Most widows receive a widow's pension. Women widowed under sixty, and some widowed over that age, also get a lump sum of £1,000 called widow's payment. The widow's pension is taxable, but the widow's payment is not. The income you obtain from the pension uses up a lot of your tax allowances. So the income you can have on top of the basic widow's pension before you pay tax is fairly limited, especially after the end of the tax year in which your husband died.
In the first tax year, the amount you can get on top of your pension before you pay tax depends on the month in which your husband died.
After his death, you receive the whole annual tax allowance, however close it is to the end of the tax year on 9 April. So if your husband dies close to the end of the tax year say, in February or March - you qualify for a whole year's tax allowance to cover just a few weeks' income. It is likely, therefore, that you will not need to pay any tax at all yourself in that tax year.
However, if he dies early in the tax year - say, in late April or May - you will get the same tax allowance over almost a whole year. So the earlier in the tax year that your husband dies, the less income you will be able to have on top of your pension before you start to pay tax.
If your husband dies right at the start of the tax year, you will be able to have only about £67.60 a week on top of your pension before you start paying tax if you are under sixty-five. If you are over sixty-five, you will be able to have more income on top of your benefit, about £88.66 on top of your pension before you start paying tax. But if your husband dies later in the tax year, you will be able to have much more than these amounts.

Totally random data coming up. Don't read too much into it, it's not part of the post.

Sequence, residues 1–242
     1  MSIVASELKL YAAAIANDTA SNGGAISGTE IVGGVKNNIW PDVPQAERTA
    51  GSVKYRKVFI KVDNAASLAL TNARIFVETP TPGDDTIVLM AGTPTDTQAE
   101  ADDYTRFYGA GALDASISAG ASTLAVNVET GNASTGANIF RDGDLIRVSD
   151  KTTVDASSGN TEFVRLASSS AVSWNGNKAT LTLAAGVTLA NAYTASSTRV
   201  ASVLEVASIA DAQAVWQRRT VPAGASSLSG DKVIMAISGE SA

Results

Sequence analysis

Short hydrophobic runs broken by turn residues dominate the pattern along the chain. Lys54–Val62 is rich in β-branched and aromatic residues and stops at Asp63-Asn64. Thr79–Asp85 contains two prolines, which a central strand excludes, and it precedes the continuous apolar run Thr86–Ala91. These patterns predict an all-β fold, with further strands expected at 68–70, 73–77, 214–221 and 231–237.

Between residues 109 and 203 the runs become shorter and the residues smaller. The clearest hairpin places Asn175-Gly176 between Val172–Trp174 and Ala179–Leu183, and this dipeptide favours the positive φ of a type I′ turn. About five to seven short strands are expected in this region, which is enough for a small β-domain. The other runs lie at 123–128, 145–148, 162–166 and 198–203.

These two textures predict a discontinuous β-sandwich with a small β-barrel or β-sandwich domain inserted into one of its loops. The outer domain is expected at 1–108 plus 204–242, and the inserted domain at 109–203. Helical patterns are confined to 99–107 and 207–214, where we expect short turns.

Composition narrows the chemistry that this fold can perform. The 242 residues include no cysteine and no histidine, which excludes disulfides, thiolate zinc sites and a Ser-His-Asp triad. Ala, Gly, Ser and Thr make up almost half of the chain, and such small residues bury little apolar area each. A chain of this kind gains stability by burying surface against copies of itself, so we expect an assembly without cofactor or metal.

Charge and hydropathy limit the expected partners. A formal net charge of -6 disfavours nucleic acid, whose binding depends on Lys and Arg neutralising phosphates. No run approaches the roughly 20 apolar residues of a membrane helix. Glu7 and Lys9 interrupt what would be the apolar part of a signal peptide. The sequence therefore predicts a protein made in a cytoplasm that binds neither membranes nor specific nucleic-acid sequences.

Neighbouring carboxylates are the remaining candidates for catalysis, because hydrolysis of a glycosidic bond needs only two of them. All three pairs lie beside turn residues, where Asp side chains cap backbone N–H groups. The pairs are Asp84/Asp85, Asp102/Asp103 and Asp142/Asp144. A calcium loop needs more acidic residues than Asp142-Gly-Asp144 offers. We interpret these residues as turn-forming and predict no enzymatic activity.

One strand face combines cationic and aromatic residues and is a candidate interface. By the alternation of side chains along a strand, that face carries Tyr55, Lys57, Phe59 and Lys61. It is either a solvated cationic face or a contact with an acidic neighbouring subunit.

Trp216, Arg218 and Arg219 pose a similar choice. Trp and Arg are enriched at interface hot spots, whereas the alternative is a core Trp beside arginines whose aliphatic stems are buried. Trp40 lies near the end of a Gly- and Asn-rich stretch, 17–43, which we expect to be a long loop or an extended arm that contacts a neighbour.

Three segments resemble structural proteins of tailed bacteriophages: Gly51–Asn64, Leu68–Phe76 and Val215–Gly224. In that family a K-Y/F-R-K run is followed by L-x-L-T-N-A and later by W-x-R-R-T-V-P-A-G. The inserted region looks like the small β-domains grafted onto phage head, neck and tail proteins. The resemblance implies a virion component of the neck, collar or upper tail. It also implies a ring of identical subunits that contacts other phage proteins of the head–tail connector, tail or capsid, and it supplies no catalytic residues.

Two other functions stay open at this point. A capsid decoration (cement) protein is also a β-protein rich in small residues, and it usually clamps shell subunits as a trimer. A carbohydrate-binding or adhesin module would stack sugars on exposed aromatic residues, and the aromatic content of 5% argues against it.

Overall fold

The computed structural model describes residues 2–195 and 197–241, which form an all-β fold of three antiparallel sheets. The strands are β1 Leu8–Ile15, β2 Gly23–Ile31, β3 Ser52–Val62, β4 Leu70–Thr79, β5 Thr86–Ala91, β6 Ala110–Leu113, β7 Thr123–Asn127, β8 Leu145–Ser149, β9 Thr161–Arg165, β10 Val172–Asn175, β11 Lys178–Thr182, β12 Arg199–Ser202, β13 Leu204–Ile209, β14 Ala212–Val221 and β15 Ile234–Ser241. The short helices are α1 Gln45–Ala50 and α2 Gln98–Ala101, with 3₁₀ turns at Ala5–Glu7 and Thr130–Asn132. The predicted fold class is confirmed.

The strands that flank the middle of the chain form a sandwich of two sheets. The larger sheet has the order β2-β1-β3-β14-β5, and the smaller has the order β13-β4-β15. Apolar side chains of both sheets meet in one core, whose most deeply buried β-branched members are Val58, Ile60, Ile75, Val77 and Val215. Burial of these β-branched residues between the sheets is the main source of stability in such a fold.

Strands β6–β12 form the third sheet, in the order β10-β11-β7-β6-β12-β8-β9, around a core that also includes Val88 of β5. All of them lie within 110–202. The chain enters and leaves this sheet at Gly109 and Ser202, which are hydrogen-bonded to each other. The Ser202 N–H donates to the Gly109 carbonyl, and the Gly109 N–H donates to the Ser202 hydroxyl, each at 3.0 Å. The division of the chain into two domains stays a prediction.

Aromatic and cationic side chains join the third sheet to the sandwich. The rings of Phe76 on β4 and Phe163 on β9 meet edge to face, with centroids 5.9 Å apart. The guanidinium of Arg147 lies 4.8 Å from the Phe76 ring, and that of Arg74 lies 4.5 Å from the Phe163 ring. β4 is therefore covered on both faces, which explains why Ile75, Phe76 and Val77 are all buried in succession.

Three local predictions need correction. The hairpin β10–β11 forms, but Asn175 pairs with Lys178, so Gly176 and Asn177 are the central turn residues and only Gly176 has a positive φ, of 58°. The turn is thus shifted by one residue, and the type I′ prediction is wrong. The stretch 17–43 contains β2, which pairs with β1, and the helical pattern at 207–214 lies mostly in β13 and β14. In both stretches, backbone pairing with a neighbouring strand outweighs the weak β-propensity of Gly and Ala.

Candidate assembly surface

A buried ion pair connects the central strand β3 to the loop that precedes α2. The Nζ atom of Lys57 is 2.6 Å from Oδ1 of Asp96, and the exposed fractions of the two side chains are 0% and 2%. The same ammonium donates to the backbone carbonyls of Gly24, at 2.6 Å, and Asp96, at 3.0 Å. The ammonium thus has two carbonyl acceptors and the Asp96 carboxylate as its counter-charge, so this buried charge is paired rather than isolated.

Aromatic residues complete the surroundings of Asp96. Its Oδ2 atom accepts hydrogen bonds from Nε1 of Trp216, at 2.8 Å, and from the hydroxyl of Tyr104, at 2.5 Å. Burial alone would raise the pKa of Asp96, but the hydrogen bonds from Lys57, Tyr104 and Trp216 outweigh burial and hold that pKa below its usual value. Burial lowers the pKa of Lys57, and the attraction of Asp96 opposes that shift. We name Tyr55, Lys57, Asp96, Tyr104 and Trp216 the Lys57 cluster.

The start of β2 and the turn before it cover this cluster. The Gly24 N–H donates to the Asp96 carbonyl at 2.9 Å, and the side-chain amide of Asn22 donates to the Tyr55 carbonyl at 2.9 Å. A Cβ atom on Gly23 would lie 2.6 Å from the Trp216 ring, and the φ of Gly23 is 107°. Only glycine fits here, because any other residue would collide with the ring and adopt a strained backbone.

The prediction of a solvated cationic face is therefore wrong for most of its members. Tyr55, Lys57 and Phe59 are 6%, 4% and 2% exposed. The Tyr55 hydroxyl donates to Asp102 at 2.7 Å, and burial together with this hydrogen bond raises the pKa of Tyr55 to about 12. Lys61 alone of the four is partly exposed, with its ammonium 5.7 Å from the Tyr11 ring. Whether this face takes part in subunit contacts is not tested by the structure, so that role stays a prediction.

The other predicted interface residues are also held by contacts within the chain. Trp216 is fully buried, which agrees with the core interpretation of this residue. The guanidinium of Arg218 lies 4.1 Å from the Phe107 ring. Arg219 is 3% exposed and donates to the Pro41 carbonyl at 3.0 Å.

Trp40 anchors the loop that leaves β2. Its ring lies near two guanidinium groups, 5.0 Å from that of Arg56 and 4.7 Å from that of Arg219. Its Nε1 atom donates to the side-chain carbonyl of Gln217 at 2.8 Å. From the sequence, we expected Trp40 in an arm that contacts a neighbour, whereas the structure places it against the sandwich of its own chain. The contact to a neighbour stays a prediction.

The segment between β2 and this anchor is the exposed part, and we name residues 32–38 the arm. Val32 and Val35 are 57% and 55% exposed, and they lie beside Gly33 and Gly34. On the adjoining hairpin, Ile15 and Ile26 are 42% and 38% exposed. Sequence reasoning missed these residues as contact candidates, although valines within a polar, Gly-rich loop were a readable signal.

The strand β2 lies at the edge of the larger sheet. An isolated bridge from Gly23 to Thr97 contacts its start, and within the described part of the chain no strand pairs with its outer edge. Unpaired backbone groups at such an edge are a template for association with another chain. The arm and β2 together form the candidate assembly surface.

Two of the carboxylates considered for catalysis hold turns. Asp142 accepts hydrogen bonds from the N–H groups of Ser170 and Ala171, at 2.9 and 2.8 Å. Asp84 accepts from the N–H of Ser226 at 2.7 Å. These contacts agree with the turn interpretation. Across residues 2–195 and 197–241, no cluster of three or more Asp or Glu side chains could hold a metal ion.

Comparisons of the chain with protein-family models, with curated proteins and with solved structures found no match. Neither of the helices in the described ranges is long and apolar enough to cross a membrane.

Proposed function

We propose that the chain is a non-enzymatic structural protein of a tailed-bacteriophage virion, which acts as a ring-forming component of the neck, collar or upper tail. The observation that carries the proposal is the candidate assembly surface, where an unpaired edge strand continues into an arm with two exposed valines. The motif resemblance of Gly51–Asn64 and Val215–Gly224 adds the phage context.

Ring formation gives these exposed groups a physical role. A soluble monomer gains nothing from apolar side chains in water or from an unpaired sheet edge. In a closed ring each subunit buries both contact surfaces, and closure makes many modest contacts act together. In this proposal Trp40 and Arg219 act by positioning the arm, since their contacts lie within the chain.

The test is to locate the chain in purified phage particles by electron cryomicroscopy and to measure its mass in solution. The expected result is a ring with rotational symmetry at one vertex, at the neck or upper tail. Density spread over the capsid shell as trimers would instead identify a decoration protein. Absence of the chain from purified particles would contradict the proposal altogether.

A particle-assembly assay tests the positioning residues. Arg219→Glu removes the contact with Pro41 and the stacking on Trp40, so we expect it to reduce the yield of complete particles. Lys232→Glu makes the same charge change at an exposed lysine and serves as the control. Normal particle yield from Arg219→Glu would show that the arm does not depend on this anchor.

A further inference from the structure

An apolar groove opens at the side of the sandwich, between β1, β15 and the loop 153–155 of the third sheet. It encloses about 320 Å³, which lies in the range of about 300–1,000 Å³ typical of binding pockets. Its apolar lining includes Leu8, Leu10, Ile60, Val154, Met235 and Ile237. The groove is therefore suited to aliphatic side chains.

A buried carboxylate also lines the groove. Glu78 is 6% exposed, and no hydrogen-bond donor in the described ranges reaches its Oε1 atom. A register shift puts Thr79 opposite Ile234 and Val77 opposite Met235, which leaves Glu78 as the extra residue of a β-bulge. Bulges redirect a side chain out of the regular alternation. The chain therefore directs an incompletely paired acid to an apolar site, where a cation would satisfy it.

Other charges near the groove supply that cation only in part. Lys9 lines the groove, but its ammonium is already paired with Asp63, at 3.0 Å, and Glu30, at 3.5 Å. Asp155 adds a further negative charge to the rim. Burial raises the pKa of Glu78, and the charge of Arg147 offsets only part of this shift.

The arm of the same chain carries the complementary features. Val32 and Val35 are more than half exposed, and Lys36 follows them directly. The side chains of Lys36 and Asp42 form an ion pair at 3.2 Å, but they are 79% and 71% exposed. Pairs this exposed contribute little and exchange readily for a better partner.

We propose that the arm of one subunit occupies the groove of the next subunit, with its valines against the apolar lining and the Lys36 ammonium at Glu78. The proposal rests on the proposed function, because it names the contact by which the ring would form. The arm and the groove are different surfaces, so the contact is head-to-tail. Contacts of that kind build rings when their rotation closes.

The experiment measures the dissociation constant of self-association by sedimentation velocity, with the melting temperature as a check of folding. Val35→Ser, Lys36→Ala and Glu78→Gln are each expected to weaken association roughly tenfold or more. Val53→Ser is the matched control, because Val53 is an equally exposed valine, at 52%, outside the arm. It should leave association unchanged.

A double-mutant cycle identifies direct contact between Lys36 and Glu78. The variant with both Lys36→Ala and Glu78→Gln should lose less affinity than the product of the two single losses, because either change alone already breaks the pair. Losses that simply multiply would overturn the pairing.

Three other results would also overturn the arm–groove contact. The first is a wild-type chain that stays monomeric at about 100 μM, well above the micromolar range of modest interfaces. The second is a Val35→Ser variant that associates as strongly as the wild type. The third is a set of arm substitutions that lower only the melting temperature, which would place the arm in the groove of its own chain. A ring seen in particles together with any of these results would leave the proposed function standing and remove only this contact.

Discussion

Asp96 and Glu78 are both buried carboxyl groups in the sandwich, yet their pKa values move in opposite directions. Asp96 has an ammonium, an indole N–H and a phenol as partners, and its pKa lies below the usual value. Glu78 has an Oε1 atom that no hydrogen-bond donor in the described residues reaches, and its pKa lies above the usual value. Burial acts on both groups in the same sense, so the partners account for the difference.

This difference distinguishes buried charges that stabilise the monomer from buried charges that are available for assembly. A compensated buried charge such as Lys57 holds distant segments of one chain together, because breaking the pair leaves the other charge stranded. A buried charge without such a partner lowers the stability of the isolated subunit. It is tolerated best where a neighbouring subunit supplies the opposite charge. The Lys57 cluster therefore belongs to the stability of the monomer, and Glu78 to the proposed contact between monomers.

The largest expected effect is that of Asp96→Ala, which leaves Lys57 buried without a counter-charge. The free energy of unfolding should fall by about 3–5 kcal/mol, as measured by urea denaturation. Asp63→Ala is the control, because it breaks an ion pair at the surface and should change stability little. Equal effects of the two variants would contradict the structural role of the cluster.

In the second year the position is a bit simpler. If you are under sixty-five, you will be able to have 67.6 a week on top of your pension without paying tax. If you are aged sixty-five or over, the figure is 88.66 assuming that you do not get widow's allowance.
After the second tax year, you will just get a single person's tax allowance. You will then be able to have 8.99 on top of your basic pension if you are under sixty-five and 80 if you are aged sixty-five or more. Table 9 summarizes the position.
Remember that each amount is the average over the year on top of the basic widow's benefits.
Because your widow's benefits take up most of your tax allowances, if you . . . ... see: Additional income and benefits - Widows and the tax man